Penny Batch­e­lor cel­e­brates a new gen­er­a­tion of men in­spir­ing oth­ers to take up knit­ting

The Knitter - - Contents -

The rise of the male knit­ter

KNIT­TERS ARE aware that in the 21st cen­tury our craft is pop­u­lar with both sexes, and isn’t just a hobby for older women, as it’s of­ten stereo­typ­i­cally por­trayed in the me­dia. De­sign­ers such as Kaffe Fas­sett and Martin Storey, with their world­wide rep­u­ta­tions, have long been fly­ing the flag for male knit­ters. Their pas­sion and ta­lent has in­spired a new gen­er­a­tion of men, from de­sign­ers such as Jared Flood, Stephen West, Tom Van Dei­j­nen, and ‘Sock­mati­cian’ Nathan Tay­lor, to en­trepreneurs such as Jon Dunn-Bal­lam of EasyKnits, and Gerard Allt, founder of I Knit, a yarn store and knit­ting group in Lon­don, who en­cour­ages all-com­ers to take up the hobby.

Yet is the growth in pop­u­lar­ity of men pick­ing up yarn and nee­dles a sus­tain­able trend or a flash in the pan? Lewis Ryan thinks that male knit­ters are here to stay. He is the founder of (whose slo­gan is ‘The Manly Way to Knit’), a web­site and so­cial group launched in 2016 to in­spire men with yarn and pat­terns suit­able for the rugged out­doors.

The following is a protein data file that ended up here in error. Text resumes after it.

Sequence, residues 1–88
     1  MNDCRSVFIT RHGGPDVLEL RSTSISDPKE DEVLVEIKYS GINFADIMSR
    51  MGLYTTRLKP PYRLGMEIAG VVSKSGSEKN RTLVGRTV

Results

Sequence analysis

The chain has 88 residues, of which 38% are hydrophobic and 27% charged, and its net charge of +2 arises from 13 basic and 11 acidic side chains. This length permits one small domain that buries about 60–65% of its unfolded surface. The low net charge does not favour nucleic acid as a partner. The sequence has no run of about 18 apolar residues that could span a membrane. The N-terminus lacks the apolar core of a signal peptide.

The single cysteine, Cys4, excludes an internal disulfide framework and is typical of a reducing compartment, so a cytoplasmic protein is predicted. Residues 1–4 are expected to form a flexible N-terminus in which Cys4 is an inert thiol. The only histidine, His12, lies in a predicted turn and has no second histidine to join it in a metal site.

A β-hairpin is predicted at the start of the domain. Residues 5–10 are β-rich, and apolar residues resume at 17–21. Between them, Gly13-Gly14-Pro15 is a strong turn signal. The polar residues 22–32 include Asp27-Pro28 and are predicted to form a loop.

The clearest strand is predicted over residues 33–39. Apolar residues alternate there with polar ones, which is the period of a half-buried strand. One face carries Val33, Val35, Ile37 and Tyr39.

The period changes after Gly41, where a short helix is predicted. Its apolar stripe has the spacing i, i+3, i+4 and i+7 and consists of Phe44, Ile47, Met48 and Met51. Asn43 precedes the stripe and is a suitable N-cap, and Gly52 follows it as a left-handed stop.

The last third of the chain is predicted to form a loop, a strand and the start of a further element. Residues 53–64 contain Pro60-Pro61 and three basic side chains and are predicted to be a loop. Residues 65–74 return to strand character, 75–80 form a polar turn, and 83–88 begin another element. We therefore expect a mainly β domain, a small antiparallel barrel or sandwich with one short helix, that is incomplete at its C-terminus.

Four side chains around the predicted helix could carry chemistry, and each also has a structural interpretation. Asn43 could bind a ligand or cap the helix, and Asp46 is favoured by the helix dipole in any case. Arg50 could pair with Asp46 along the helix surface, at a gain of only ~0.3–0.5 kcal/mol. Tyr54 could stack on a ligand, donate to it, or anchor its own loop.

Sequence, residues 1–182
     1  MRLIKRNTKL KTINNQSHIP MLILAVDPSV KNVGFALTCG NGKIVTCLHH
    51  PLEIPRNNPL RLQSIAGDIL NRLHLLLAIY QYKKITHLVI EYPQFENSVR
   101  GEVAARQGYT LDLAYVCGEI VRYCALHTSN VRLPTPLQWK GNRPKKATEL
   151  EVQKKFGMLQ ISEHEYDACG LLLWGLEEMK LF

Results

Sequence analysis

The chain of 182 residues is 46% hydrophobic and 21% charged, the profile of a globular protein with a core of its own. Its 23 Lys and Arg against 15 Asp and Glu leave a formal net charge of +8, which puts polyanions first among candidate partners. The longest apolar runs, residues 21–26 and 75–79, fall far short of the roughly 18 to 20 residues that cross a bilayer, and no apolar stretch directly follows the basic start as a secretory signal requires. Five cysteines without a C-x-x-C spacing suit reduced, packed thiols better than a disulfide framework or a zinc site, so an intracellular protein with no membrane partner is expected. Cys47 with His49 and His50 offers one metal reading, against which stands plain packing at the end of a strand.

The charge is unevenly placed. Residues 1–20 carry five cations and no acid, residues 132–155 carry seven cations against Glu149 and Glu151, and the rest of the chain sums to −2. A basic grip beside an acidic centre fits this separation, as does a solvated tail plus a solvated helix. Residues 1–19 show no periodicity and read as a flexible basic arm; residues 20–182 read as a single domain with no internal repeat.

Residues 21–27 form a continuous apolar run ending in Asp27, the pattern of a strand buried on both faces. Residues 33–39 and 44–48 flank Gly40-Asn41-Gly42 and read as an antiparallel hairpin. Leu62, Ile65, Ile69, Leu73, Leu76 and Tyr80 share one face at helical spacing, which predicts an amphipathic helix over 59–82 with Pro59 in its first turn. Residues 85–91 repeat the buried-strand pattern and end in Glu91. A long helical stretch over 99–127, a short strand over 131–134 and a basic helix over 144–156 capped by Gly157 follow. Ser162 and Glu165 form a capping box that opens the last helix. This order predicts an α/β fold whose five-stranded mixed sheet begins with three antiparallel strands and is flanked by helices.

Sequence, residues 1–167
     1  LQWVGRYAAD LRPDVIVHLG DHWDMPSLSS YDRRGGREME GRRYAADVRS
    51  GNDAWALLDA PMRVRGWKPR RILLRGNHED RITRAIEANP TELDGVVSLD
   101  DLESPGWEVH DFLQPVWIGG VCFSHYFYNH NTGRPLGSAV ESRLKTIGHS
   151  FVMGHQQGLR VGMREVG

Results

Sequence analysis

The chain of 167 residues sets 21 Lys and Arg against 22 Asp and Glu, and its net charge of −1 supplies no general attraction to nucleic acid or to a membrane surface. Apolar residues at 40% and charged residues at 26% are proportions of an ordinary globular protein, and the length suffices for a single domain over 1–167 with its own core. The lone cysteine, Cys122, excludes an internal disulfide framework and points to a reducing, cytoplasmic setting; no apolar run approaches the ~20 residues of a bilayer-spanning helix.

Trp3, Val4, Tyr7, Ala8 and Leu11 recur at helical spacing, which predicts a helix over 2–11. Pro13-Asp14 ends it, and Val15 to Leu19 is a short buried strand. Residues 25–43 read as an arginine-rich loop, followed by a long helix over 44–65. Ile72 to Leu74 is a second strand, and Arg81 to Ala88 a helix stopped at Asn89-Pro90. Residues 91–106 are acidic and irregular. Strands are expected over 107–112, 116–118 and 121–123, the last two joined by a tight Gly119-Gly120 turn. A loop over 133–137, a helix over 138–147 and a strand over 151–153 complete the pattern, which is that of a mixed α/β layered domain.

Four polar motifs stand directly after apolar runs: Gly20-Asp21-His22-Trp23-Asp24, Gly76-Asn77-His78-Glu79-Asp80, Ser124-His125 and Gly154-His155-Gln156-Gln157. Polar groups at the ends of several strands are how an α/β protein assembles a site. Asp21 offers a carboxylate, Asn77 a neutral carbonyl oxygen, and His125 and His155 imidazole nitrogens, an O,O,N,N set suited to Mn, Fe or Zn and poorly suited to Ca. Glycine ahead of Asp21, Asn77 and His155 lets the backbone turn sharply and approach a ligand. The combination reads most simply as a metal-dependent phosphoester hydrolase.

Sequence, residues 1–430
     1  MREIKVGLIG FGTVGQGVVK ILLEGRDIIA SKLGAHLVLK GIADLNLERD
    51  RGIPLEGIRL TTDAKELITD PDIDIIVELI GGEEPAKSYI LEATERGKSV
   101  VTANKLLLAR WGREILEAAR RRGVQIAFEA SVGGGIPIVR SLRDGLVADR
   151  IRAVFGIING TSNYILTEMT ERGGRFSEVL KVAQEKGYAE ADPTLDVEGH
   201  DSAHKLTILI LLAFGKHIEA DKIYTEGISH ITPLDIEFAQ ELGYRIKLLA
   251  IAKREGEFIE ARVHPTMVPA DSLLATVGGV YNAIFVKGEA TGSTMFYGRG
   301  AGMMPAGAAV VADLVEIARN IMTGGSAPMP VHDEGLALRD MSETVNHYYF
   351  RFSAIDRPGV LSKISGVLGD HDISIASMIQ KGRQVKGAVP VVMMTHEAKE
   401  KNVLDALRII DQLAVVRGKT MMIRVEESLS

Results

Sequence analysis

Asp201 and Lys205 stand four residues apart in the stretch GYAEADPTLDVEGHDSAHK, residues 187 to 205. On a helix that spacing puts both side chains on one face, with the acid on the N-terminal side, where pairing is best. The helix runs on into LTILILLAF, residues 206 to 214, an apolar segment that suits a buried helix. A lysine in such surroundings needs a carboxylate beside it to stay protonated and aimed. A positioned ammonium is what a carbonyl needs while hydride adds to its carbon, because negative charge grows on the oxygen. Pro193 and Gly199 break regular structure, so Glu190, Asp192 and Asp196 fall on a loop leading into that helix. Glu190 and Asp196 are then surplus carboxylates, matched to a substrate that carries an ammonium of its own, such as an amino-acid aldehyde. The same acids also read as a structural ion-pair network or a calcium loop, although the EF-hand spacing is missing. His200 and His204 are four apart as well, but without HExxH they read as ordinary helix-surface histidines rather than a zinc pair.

Lewis tells of one cus­tomer who com­pared learn­ing to knit with pick­ing up a skill such as weld­ing. He points to the craft’s med­i­ta­tive ben­e­fits for men, plus the fact that it’s a hobby that can cre­ate some­thing use­ful, such as a pure wool hik­ing jumper.

Tar­geted mar­ket­ing plays its part, too. Says Ryan: “With the ManKnit colour­ways and pat­terns I’ve tried to be rather plain… most blokes don’t re­ally like any­thing too bright or flam­boy­ant. Even too much ca­bling can put some blokes off.”

Else­where, knitwear com­pany Rowan has re­ported an in­crease in the num­ber of men reg­is­ter­ing with its web­site. It’s a trend Graeme Knowles-Miller, tech­ni­cal ad­vi­sor and mar­ket­ing as­sis­tant at De­signer Yarns, has seen him­self. He says that more men want to learn to knit, as the lines of stereo­typ­i­cal ‘male’ and ‘fe­male’ hob­bies blur and be­come broader. “Whilst there have al­ways been fewer men’s pat­terns on the mar­ket than those for women and chil­dren, bet­ter men’s de­signs and an in­crease in male de­sign­ers join­ing the in­dus­try will ad­dress the bal­ance in the fu­ture,” Graeme points out.

With an es­ti­mated 3.8 bil­lion men in the world, there’s cer­tainly a huge mar­ket po­ten­tial for hand­knit com­pa­nies to break into. It’s up to male mar­ke­teers, de­sign­ers and knit­ting en­thu­si­asts to lead the way.

Find Penny’s blog cel­e­brat­ing mod­ern Bri­tish knit­ting, A Woolly Yarn, at www.awool­ly­

1 Lewis Ryan set up to help en­cour­age other men to start knit­ting 2+4 He sells a range of rugged knit­ting kits 3 Manknit of­fers wool blends spun in York­shire, such as Falk­land Fine Merino and Blue-Mash (Blue­faced Le­ices­ter and Masham)

Lewis Ryan also sells plant-dyed yarns in sub­tle colour­ways

Martin Storey cre­ates men’s knits for Rowan

Deb­bie Bliss’s de­signs ap­peal to male knit­ters

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